JEERS to drugs:

As far as hard drugs are concerned, I’d like to start by saying “Crack is whack!” and suggest you go watch a marathon of “Celebrity Rehab with Dr. Drew” and you’ll be all set. As in the cheer to drugs, I’m going to refer to the drug that I’m most familiar with: alcohol. I’ll repeat what my (now horribly cluttered) Facebook said last week: A hangover is your body’s way of telling you your friends were right. If there’s anything worse than a hangover, it would have to be people’s tips of preventing or remedying hangovers and their unending desire to share them with people who aren’t listening or even conscious. There are worse things than hangovers, though (besides that pesky alcohol-poisoning that causes death). Over the summer, a friend of mine, whose name did not rhyme with “Schmeers and Jeers,” developed what he thought was strep in his throat but what was actually a type of yeasty growth that flourishes on alcohol. Yes, dear readers, this man drank so much he got a yeast infection in this throat. If that’s not enough to warrant a jeer, I don’t know what is.

 

CHEERS to rock ‘n’ roll:

If not for a man by the name of Alan Freed, we wouldn’t have this wonderful culture known as rock ‘n’ roll. This genre of music has the benefit of being so diverse that everyone can find a song they like. Not only does it cover diverse topics (well, mostly the songs are about sex, drugs or itself) but since it spans over 50 years, it’s universally enjoyed. Groups like Led Zeppelin, Pink Floyd and the Rolling Stones legitimized your obsession with 20 minute jam sessions in your garage. The amazing innovation of glam rock allowed for groups like Kiss to redefine what a performance could be: an awkwardly successful combination between drag show and rock concert. Nowadays, the rock genre can crop up anywhere. Lady GaGa has a couple of songs that can be clearly defined as rock songs (which is a healthy reprieve because usually nobody has any idea what she’s doing, let alone what to call it). Certainly, rock will always be around, and we can forever count on people to screw it up. I’m talking to you, Daughtry.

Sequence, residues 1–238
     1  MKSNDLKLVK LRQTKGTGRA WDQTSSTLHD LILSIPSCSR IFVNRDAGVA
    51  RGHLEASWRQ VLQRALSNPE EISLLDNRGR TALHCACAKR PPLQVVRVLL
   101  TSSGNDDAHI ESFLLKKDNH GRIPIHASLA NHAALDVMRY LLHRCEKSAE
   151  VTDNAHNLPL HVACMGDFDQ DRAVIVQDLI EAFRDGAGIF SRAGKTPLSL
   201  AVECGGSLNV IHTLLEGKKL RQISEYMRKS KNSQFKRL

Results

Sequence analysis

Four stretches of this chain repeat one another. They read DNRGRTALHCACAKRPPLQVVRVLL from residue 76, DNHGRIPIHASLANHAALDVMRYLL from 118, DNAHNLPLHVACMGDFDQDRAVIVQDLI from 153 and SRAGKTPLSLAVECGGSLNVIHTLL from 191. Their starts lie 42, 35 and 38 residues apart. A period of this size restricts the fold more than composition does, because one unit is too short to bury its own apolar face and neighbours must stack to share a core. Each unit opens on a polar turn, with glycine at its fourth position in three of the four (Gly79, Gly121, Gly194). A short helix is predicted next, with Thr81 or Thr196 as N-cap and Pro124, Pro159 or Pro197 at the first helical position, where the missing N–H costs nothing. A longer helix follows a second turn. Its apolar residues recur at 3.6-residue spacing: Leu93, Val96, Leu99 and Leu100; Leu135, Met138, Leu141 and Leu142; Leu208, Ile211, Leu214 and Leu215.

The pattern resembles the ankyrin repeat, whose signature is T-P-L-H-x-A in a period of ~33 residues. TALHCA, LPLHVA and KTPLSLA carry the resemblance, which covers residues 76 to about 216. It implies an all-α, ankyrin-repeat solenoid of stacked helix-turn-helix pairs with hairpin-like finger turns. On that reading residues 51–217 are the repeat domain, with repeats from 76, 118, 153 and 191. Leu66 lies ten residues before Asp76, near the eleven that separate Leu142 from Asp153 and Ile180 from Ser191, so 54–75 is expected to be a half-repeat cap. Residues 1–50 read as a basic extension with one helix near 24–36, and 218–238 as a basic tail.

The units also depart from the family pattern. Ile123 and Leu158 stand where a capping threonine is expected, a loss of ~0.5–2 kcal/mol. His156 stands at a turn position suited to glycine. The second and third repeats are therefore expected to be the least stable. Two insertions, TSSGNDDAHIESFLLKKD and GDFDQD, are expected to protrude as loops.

JEERS to rock ‘n’ roll:

I gotta admit, it’s pretty difficult to write this jeer, but I said that I would give both sides of the story so here goes. Part of what makes rock ‘n’ roll so good is also what makes it bad: the fact that it is so loosely bordered. If there’s an electric guitar and singing, it’s a rock song (one just begging to cash in on millions more with its acoustic remix). Which brings me to the real problem: while rock ‘n’ roll itself may be so unbounded that people can make a song about elevator sex and it’ll be a huge hit, the larger problem is that we, the listeners, don’t get to define what good music is. Instead, we’re told what good music sounds like by the record companies that produce the music. This hip new thing called the “Internets” gives us somewhat easier access to underground or lesser-known music, but ultimately the people are at the whim of people who don’t know the first thing about music and probably should be forced to listen to Rebecca Black’s “Friday” on repeat for the rest of their lives as an apology to the entire human race for even producing it.